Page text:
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Gun-rights activists rally against SAFE Act in Gouverneur

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GOUVERNEUR — Self-proclaimed criminals packed VFW Post 6338, 100 W. Main St., Saturday afternoon to take aim against the Secure Ammunition and Firearms Enforcement Act gun control law.

Members of the crowd stood in unison to make clear they are not complying with the “un-SAFE Act.”

“I’m a criminal,” said Melody Burns, the main speaker at the rally. “Stand up with us if the un-SAFE Act makes you a criminal, too.”

Ms. Burns, who hosts the conservative radio talk show “The Melody Burns Show” in Albany, collected $10 from every speaker at the rally for every time he or she said “SAFE Act” instead of “un-SAFE Act,” and the money was donated to veterans.

The two-hour rally, which began at noon, commenced with cannon fire to commemorate the anniversary of the “Shot Heard Around the World” at the Battle of Lexington and Concord during the Revolutionary War.

April 19, 1775, is recorded as the day of that war’s first gunfire.

Saturday’s rally was organized by the Shooters Committee on Political Education, an organization that opposes the NY SAFE Act, which became state law in 2013.

Stephen J. Aldstadt, president of SCOPE, said a similar event was held in Gouverneur last year. “It started out as a demonstration for legal gun owners who are being targeted by the SAFE Act,” he said. “It was a way for people to get out and make a statement.” And now, he said, it’s also “a commemoration of that event when our nation was founded and our patriots stood up and fought for liberty.”

At Saturday’s gathering, hats came off for the Pledge of Allegiance and heads bowed for a prayer before people made their way inside for the rally. Shirts, hats and signs promoted the National Rifle Association, Northern New York Freedom Fighters and the anti-SAFE Act movement.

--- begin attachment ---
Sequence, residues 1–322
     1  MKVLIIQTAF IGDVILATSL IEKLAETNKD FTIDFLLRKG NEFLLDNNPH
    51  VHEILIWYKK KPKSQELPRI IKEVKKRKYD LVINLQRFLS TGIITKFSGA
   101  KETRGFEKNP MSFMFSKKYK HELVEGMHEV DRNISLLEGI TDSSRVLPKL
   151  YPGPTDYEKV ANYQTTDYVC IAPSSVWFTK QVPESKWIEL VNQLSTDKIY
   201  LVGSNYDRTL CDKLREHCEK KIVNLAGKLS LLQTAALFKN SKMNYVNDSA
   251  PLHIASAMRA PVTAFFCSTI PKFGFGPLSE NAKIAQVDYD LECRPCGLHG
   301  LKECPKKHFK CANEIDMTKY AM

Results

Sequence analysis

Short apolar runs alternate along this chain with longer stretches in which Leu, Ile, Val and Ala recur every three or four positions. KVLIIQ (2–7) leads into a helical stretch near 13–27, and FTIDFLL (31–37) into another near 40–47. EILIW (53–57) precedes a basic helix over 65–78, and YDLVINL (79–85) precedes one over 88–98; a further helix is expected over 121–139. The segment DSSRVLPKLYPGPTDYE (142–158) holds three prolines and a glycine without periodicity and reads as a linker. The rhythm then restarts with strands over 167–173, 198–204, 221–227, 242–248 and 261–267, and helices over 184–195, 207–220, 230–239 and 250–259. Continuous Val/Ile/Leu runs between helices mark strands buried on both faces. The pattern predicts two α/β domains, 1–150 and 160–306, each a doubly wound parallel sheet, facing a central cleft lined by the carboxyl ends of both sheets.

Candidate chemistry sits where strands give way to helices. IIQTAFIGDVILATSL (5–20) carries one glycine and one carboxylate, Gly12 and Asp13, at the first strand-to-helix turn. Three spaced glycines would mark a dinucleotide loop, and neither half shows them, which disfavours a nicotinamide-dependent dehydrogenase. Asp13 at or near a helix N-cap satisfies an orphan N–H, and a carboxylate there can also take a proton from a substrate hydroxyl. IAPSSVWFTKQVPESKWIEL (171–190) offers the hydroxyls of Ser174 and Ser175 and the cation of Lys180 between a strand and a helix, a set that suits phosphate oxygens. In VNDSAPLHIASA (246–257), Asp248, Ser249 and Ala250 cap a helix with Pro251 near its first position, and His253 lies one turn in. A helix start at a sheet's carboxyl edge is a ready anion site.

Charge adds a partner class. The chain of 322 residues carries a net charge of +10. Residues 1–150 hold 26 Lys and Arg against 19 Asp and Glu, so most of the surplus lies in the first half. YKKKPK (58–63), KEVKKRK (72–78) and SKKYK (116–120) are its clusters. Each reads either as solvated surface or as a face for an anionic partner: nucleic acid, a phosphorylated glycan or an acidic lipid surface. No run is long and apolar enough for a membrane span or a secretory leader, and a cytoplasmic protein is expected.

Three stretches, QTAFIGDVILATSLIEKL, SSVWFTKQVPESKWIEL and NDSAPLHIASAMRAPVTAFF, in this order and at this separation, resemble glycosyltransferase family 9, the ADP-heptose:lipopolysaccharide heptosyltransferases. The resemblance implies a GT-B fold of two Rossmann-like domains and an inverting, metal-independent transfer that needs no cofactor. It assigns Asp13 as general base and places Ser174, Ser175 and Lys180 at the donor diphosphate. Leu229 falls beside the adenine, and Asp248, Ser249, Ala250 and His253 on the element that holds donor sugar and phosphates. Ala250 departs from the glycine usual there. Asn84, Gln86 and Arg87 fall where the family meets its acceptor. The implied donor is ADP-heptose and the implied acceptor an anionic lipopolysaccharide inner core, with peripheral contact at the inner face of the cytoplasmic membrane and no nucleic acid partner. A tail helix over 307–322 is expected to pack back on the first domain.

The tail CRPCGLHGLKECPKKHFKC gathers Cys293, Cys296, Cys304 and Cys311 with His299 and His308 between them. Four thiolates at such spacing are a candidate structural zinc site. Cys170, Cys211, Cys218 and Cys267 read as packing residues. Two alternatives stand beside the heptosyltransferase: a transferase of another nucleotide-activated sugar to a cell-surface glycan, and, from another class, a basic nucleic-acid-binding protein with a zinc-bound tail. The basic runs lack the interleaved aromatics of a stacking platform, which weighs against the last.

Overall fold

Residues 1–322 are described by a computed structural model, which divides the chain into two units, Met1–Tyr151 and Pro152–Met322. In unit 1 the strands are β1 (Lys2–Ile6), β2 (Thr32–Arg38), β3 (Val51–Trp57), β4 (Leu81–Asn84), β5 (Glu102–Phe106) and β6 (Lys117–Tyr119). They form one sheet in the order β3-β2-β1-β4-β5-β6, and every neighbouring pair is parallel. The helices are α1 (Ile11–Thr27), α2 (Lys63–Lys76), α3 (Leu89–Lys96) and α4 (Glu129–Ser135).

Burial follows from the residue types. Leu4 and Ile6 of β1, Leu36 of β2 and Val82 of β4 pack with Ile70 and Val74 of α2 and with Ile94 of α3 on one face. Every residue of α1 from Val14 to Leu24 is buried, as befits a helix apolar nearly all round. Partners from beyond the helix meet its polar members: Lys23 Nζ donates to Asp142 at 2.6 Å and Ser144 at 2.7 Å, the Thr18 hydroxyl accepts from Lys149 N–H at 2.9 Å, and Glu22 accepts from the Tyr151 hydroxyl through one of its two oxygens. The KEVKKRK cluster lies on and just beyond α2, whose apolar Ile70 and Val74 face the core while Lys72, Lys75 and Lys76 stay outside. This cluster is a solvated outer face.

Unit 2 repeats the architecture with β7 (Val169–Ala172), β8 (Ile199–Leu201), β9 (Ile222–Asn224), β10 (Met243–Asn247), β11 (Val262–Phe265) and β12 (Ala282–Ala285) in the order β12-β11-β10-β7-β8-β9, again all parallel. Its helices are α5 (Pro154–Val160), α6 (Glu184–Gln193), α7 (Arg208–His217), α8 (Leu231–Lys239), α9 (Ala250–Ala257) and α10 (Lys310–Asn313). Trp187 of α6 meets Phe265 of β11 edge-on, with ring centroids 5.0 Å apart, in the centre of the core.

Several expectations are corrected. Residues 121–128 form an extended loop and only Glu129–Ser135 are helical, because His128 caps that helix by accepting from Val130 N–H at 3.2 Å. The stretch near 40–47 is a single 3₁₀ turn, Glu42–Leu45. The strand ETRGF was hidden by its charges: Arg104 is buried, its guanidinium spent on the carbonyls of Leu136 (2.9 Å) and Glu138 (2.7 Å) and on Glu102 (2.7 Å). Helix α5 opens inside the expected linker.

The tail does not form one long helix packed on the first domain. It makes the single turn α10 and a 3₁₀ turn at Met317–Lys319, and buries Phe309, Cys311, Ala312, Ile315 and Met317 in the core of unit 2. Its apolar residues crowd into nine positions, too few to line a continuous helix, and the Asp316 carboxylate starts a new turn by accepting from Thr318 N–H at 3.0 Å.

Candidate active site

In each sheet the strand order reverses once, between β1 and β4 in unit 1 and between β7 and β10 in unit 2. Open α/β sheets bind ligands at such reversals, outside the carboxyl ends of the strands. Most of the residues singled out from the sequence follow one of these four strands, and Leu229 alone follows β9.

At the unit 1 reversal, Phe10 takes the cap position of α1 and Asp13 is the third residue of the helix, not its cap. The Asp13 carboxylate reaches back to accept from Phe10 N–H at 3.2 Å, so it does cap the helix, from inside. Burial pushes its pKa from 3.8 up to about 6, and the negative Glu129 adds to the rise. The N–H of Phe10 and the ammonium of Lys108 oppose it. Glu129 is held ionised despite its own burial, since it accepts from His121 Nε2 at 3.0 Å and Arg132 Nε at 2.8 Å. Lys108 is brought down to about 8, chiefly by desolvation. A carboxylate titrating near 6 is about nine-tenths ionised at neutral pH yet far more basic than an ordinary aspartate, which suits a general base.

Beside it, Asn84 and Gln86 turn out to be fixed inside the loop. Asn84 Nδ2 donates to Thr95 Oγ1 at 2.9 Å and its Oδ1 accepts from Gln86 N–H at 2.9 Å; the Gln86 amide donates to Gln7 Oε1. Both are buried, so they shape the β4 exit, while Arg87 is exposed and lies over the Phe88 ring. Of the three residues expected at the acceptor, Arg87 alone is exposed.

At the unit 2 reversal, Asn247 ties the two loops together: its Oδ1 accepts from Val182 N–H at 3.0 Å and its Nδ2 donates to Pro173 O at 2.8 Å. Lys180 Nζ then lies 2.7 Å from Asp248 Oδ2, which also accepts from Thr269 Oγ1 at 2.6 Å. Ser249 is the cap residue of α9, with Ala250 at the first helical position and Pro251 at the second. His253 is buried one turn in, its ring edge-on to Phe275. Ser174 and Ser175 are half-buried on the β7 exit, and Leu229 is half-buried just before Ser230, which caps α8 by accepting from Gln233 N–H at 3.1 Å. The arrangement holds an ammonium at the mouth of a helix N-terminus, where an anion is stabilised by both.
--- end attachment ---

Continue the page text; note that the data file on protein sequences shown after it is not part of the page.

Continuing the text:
Voting was a major theme of the rally. Each person in the standing-room-only crowd was given a paper with a voter’s pledge on it to register to vote and to vote for candidates who oppose the SAFE Act. Voter registration forms were available.

“For too long, people from upstate, gun owners in particular, have been told that their vote doesn’t count and that New York City has the power to do whatever they want regardless of what the people of Upstate New York do,” Mr. Aldstadt said. “And that’s not really true.”

Mr. Aldstadt said there are more than 6 million gun owners in the state, and SCOPE’s mission is to educate them about the SAFE Act and persuade them to vote for political candidates who want to repeal it.

“We are not a minority,” he said. “Sadly, in the past, too few of us have actually registered and got out to vote and that’s why we’re not only asking the candidates who are running for office to make a pledge to support the Second Amendment and to repeal the SAFE Act, but we’re also asking voters to take responsibility, register to voteand vote for candidates who support the Constitution of the United States.”

Assemblyman Kenneth D. Blankenbush, R-Black River, spoke to the crowd about gubernatorial candidate Rob Astorino, Westchester County executive, and encouraged people to vote for him.

“When he tells you he will repeal the un-SAFE Act, he will do that if we get him into office,” Mr. Blankenbush said.

Ms. Burns said that regardless of party affiliations, voting for candidates against the SAFE Act is essential for all gun owners.

“The only thing these people understand is November,” she said. “Party lines don’t matter in this fight.”

Lewis County Sheriff Michael P. Carpinelli spoke about his disappointment in Gov. Andrew M. Cuomo and other politicians who established the SAFE Act.

“When are all of our damn politicians in Washington going to wake up and realize — enough?” he said. “The governor has made a serious issue, not just in this state, but in the country, to take away our rights to defend ourselves, to defend my little daughter, to defend my wife, to defend your family. Shame on him.”

Other speakers called Gov. Cuomo names such as “tyrant” and “czar,” and some members of the crowd chanted “Cuomo’s got to go.”


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